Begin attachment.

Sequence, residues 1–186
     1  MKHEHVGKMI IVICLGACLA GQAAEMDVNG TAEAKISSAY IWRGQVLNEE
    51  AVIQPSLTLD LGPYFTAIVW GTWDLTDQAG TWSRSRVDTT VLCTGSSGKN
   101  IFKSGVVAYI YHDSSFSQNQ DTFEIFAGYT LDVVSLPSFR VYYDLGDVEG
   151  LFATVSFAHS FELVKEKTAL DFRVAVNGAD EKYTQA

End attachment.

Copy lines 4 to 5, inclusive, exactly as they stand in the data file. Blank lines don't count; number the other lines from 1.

   101  IFKSGVVAYI YHDSSFSQNQ DTFEIFAGYT LDVVSLPSFR VYYDLGDVEG
   151  LFATVSFAHS FELVKEKTAL DFRVAVNGAD EKYTQA